Padres Prospect Interview: Rafeal Arias

Rafeal Arias

There were some who questioned whether San Diego Padres pitching prospect Rafeal Arias was ready for his stateside debut. Many wanted to send him back to the Dominican Republic for more seasoning. The Padres are glad they kept him in Arizona – he shined in one of the toughest environments as the team's closer.

Talk about the pitches you throw and the speeds you throw them at.

Rafeal Arias: I throw a fastball at 95 mph, a slider that comes in at 83-85 and a changeup that is 85 and sometimes a little bit too hard.

When you first came to extended spring training, you had some struggles but when the season began, you found a lot of success. What changed?

Rafeal Arias: When I came to extended, I had a difficult time because it was my first time being in the United States and couldn't control my nerves. I had a difficult time controlling my emotions and those nerves. Once the league started, I realized it is the same game I played in the Dominican. I started to get more comfortable and just worried about playing baseball and not the nerves of being here.

You were placed into the closer's role. What kind of mentality do you have to have to pitch in that role?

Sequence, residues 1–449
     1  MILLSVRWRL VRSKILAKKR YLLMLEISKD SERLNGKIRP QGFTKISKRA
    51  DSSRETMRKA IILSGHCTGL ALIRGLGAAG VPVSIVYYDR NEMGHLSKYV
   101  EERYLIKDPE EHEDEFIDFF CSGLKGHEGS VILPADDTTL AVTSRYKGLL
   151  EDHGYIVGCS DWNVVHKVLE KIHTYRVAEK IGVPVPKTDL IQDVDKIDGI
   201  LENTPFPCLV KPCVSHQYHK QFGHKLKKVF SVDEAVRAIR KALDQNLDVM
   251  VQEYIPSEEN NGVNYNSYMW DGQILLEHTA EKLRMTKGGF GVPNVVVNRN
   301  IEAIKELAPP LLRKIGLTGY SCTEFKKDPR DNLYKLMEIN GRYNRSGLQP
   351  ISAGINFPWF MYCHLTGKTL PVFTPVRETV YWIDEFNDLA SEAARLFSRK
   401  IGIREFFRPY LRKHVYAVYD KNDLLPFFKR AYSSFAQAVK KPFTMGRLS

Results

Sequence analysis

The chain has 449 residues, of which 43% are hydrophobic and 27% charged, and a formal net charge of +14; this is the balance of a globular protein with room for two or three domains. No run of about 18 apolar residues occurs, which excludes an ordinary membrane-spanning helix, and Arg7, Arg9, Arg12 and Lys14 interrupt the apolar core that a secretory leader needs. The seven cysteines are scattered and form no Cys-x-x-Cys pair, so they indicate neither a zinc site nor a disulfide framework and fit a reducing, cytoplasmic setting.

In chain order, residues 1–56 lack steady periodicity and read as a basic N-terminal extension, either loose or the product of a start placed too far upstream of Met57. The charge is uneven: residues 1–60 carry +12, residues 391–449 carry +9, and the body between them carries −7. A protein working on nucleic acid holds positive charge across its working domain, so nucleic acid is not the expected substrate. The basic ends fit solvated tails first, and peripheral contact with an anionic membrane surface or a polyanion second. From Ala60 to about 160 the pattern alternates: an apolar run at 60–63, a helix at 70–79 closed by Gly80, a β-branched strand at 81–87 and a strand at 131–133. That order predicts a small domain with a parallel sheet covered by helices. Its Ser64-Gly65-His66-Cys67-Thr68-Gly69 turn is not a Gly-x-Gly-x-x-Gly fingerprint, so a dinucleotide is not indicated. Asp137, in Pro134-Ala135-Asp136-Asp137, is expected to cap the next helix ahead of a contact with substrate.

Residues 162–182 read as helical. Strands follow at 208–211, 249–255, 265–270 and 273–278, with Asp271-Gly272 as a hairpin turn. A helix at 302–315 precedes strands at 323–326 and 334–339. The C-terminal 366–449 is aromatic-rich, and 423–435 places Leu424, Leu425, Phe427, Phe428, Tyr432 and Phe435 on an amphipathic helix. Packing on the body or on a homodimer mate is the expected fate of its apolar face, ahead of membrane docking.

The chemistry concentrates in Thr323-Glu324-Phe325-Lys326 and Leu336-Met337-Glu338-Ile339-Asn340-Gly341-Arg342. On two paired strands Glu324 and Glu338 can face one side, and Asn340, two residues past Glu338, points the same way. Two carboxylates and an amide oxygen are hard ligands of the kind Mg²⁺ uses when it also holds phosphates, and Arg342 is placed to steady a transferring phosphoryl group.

Rafeal Arias: Being a closer is a very tough job. You have to be mentally strong. You get put into situations as the closer where you might come in with the bases loaded – it is equally important to throw strikes right from the start. You don't have the luxury of putting guys on. The main thing is being mentally strong.

Was the main reason for your success being able to limit your walks?

Rafeal Arias: The key was throwing strikes. It sounds so simple.

You came out to the Padres instructional league. What was the goal?

Rafeal Arias: The changeup. I need to work on the movement and velocity of my changeup. It was too firm during the season. I am trying to maintain it at 83 to 85 mph now to have success.

Do you feel like you need to add weight and more muscle to last a full season?

Rafeal Arias: I definitely need to keep working on improving my strength so I can maintain my velocity through a whole season.

What are your memories of baseball growing up in the Dominican Republic?

Rafeal Arias: By my house, I had a baseball park that I always played at. I would watch the guys and say, ‘I always wanted to be a major league player.' It is the same thing right now. I want to practice, play, get better and be a major leaguer.

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